Mortelle Randonne
Wellspring // Unrated // $24.98 // November 11, 2003
Review by Don Houston | posted December 6, 2003
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Movie: Noir movies, particularly French noir movies, have been a staple of moviegoers for years. To see the gritty underside of the world by means of a very focused point of view seems almost a given in the genre, or at very least a staple. In an intriguing thriller from twenty years ago, Mortelle Randonnee, director Claude Miller brings us a story about a man, a killer, and the psychological workings of their minds.

The movie started off by introducing a private detective in France, Beauvoir (Michel Serrault) known by the underworld as "The Eye". His wife left him years ago, taking their small daughter Marie with her to parts unknown. The daughter is now grown up, never having known her father, and despite his skills as a detective, he has been unable (or unwilling, we're never quite sure which) to find her. His ex-wife calls him infrequently to torment him, feeding him just enough information to keep him hooked but never enough to let him discover her whereabouts.

After establishing his background a bit, the story sets him on a case. His boss has him checking the background of a young woman who is going out with the son of a rich industrialist. Apparently, dear old dad doesn't want his son to fall for a bad girl. Needless to say, when Beauvoir catches her dumping a body in a lake, he begins a long journey into madness, thinking she may be his missing daughter. He then follows her around the globe as she continues to attract rich men, fleece them, and then leave them dead. Eventually, his obsession with her grows to the point where he covers up her crimes and tries to protect her from herself, knowing full well that as he gets closer to her flame, he may well end up another of her victims.

The woman is played by then-young Isabelle Adjani, a very attractive gal that still manages to turn heads decades later. Her character managed at once to attract and repel me, which is as much the result of her performance as of the well thought out script. The supporting cast was not as fully fleshed out as the two leads but all did a decent job of providing the necessary framework to enhance the main thrust of the plot. I'm not going to give away the details of the story, certainly not the ending either, but suffice it to say that the law of cause and effect was in full force here with none spared from their fate.

The direction of the movie was also well done, especially compared to the domestic remake a few years back Eye Of The Beholder, both of which were based on the original novel by Marc Behm. From the scenery to the metaphorical imagery, Miller's vision takes the book beyond its original scope and adds something deeper, and more sinister, than one would expect. After the first ten minutes, I was hooked and wanted to know exactly what would become of these two, feeling the conclusion would be blacker than black. Isn't it funny that sometimes you get surprised by how a movie ends, although it doesn't happen often these days?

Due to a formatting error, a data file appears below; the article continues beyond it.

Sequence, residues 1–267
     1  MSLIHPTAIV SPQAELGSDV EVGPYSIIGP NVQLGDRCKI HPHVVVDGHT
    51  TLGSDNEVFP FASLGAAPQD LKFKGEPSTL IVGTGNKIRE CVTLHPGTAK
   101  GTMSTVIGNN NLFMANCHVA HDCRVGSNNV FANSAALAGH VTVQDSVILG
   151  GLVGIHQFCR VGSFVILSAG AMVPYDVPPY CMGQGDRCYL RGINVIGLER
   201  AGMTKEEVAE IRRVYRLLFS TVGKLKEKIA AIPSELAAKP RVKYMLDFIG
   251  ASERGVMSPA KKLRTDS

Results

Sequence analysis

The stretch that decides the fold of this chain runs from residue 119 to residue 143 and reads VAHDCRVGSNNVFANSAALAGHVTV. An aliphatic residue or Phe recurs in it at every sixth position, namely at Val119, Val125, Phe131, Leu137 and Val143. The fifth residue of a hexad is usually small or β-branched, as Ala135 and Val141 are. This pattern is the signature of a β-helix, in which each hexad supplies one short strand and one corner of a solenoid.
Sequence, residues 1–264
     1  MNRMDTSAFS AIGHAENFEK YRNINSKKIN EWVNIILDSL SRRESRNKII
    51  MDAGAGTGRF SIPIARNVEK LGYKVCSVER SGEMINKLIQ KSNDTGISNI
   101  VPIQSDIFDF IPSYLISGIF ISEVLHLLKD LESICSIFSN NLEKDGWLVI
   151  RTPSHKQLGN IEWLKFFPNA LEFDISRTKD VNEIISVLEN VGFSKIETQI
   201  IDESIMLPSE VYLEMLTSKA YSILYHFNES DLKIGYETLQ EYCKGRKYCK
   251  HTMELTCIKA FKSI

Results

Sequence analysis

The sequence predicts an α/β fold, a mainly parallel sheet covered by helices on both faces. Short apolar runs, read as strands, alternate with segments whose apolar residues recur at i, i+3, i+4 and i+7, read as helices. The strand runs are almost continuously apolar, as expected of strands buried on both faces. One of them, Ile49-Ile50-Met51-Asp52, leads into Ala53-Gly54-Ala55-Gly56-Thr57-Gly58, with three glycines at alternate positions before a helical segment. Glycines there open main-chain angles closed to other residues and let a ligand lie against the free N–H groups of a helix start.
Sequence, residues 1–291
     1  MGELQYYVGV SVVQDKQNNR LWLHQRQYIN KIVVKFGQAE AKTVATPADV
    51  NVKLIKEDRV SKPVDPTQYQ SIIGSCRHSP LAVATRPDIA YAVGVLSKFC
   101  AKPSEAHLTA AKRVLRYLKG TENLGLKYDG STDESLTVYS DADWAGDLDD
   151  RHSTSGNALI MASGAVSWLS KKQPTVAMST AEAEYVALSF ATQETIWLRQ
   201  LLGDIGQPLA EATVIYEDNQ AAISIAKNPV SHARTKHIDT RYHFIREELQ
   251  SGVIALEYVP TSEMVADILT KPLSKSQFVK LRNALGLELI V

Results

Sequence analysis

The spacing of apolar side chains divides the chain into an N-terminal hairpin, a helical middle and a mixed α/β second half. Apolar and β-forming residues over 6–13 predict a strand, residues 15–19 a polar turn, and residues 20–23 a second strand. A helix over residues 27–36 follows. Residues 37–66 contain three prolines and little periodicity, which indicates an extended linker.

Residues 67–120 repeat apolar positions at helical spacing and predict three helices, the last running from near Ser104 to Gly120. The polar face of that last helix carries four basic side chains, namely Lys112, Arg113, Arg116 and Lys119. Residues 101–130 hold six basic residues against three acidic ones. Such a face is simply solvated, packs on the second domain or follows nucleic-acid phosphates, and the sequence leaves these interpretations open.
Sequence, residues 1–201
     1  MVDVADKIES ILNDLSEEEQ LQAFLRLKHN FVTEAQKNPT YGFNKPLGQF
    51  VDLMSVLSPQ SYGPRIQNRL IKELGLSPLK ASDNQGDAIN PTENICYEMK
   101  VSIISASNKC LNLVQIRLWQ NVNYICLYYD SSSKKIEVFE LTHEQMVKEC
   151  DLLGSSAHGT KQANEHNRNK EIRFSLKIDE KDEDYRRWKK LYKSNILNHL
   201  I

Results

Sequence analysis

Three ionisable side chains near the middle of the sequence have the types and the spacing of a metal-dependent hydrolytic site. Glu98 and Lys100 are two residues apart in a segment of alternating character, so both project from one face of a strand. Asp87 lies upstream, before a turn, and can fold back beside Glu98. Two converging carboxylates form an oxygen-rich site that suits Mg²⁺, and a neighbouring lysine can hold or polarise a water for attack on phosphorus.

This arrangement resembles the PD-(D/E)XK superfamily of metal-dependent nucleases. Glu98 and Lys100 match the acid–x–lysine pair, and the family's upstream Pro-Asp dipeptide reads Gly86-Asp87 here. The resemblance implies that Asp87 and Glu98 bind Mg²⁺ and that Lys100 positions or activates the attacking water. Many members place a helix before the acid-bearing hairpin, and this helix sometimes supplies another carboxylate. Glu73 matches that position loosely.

So, what to rate a movie that admittedly plays as much for the ending as for how you get there? I think it's worth a Recommended although noir fans will undoubtedly think it worth more. The overall content was not high on replay value and many folks aren't keen on older French movies with subtitles but if you're willing to put in the minimal amount of effort this one requires to fully understand it, you'll probably appreciate it a lot.

Picture: The picture was presented in 1.85:1 widescreen, not the advertised 1.66:1 ratio, which led me to believe it was cropped a bit in order to achieve that ratio. It was not anamorphic widescreen but looked fairly solid for a low budget movie from France made over two decades ago. In the first half of the movie, the problems were minimal, only minor grain and a soft focus being immediately noticeable, although the flesh tones seemed very accurate. In the second half of the movie, the grain got worse and the compression artifacts seemed more obvious but while the movie will never be a great choice to show off your top of the line equipment, it wasn't too bad.

Sound: The audio was presented in Dolby Digital 2.0 French with optional English subtitles but there wasn't a lot of separation between the channels. The vocals were clear and the sound effects, including the music, seemed added in after the fact but not bad for the genre of movie.

Extras: The only extras were the limited filmographies and trailer to the feature. There were no paper inserts for those keeping track.

Final Thoughts: The English title for the movie translates, somewhat loosely if you believe my French Moroccan neighbor to Death Run and the box listed it as Deadly Run which seemed accurate enough. I liked the story and the elements of detail that went into it but a few extras would've made me appreciate it more fully. The picture and sound were okay but main reason to check this one out would be the writing, direction and performances by the two leads.

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